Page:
# Money weighted rate of return

Mariah Hill buys one share of a stock for \$50 on January 1, 2011. She buys an additional share on January 1, 2012 at \$60. The stock paid a dividend of \$3 per share at the end of each year. On January 1, 2013, she receives \$150 for selling the two shares. What’s the money weighted rate of return?

The way my professor solved it:

CF0 = - 50, CF1 = - 57, CF2 = 156, CPT IRR = 28.60%

Why is CF1 = -57 and not -54? By the end of Y1 we have two shares that each paid \$3 dividend … or is this context of CF1 = beginnig of year 1? In that case, the above was still solved using end mode..

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You bought the second share on January 1 2012 so you did not get the additional \$3 dividend before the end of 2012. You will have a dividend of \$6 at the end of 2012 but only \$3 at the end of 2011 because you held only one share at 31st December 2011.

Initial cash outflow at T=1 is -\$50

Cash inflow at T=1 is \$3 due to dividend and cash outflow is -\$60 which nets to -\$57.

Cash Inflow at T=2 is \$150 + the two dividends of \$3 each = \$156.

Hey, I still don’t get it with respect to calculator placements, can you help me out?

CF0 –> Dec 31/2011 (one share owned)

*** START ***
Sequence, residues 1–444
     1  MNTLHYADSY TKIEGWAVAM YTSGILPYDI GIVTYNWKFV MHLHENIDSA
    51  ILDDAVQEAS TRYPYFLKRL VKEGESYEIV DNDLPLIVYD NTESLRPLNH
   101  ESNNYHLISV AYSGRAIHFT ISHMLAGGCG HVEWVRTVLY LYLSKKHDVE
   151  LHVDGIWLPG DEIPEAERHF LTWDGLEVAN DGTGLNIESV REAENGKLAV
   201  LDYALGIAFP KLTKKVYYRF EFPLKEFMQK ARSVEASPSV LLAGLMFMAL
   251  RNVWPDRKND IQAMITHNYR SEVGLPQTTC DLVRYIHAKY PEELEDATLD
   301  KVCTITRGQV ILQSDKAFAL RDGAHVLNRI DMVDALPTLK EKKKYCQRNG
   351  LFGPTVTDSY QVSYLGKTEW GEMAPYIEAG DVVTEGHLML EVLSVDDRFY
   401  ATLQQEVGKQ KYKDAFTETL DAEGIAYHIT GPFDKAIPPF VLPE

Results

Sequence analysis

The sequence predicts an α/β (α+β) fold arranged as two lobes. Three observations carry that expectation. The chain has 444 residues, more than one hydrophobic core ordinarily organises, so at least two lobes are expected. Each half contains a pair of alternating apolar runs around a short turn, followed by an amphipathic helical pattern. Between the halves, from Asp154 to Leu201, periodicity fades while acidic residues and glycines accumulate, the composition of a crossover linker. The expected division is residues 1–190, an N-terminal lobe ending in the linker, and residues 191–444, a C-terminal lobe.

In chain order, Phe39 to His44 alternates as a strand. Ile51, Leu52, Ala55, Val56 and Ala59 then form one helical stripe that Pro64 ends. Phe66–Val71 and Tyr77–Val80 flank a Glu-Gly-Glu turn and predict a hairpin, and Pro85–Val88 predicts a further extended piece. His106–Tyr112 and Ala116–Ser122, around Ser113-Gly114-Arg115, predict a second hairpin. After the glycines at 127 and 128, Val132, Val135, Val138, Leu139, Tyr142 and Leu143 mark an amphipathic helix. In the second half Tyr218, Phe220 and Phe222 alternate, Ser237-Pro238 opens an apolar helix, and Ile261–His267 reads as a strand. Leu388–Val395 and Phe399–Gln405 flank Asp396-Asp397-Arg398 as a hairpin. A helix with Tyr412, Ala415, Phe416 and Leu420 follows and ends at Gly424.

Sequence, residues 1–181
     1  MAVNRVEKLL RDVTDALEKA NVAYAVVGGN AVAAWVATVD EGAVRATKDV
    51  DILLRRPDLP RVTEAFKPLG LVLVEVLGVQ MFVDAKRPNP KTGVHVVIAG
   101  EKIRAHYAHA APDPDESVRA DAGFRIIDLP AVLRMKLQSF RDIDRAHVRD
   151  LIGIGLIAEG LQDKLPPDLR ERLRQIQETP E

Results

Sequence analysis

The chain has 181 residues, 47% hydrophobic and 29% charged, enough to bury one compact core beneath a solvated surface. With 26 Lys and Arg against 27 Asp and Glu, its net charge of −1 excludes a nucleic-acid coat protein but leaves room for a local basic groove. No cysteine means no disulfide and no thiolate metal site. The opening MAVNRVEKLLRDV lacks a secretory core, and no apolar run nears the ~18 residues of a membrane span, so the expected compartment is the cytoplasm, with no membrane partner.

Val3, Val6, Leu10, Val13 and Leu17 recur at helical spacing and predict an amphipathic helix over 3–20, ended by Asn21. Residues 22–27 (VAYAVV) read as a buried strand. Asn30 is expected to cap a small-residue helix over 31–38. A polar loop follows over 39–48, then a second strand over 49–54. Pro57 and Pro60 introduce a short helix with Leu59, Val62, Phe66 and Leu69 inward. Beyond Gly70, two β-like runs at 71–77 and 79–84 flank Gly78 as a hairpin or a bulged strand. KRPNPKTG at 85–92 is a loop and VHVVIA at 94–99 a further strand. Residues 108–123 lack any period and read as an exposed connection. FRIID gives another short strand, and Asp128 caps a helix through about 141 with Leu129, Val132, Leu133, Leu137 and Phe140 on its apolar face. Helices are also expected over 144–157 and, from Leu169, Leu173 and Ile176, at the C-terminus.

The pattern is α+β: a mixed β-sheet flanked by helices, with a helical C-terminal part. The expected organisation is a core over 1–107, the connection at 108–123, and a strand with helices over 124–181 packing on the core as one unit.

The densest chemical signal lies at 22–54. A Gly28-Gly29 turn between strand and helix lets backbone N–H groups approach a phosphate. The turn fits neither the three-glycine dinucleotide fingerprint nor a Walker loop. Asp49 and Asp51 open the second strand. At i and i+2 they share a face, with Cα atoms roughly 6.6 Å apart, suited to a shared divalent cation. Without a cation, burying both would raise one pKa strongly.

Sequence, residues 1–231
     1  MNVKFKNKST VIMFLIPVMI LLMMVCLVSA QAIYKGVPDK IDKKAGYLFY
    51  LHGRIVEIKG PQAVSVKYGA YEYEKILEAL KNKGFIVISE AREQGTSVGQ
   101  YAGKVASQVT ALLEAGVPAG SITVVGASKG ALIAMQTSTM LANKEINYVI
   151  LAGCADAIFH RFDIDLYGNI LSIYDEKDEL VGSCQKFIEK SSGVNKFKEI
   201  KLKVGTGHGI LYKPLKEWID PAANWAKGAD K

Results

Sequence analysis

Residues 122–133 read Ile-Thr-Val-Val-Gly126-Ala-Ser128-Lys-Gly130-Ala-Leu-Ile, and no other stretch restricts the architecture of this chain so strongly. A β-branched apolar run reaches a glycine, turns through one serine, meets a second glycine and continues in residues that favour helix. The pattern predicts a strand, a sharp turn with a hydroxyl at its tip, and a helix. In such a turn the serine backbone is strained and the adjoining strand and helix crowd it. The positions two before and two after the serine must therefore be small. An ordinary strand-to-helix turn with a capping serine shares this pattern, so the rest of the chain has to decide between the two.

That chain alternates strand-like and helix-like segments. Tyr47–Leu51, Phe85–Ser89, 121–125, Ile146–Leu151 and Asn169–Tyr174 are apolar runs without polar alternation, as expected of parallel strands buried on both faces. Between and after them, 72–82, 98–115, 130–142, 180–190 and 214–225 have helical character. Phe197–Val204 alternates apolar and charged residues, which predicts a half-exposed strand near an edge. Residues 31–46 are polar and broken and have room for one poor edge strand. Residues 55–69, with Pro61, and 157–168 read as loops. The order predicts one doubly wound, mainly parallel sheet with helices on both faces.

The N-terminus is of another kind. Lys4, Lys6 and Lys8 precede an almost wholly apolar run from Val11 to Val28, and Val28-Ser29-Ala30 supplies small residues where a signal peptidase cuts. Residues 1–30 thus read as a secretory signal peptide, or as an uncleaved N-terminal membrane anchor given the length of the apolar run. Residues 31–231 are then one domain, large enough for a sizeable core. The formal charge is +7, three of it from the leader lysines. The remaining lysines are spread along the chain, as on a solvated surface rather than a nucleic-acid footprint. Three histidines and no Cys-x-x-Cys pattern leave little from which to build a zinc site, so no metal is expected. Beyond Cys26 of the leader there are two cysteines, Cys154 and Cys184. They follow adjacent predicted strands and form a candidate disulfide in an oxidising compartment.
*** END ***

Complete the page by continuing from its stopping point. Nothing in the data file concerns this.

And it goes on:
CF1 –> Dec 31/2012 (two shares owned) therefore  I should  get \$6 dividends

CF2 –> Drc 31/ 2013 (two shares sold)

OR

CF0 –>  Jan1 2011

CF1 –> Jan 1 2012

CF2 –> Jan 1 2013

When you are solving for a money weighted return problem, think of it as a traditional IRR problem. The IRR is the rate of return that makes cash outflows equal to cash inflows. You can consider cash inflows as positive and cash outflows as negative, however, you would obtain the same results if you decide to make cash inflows negative and cash outflow positive. You can set up the equation this way (assuming cash inflows are positive and cash outflow are negative):

- 50 (cash outflow at t=0) + -60 (cash outflow for second share at T=1)/(1+IRR) = 3 (inflow of dividend at T=1)/(1+IRR) + 6 (inflow of dividends at T=2)/(1+IRR) 2 + 150 (inflow of sale at T=2)/(1+IRR)2

If you simplifies this equation you get the following:

-50 + -57 (net outflow because you got an inflow of 3)/(1+IRR)=156 (net inflow due to two dividends)/(1+IRR)2

So,

CF0 = -50,

CF1 = -57

CF2 = 156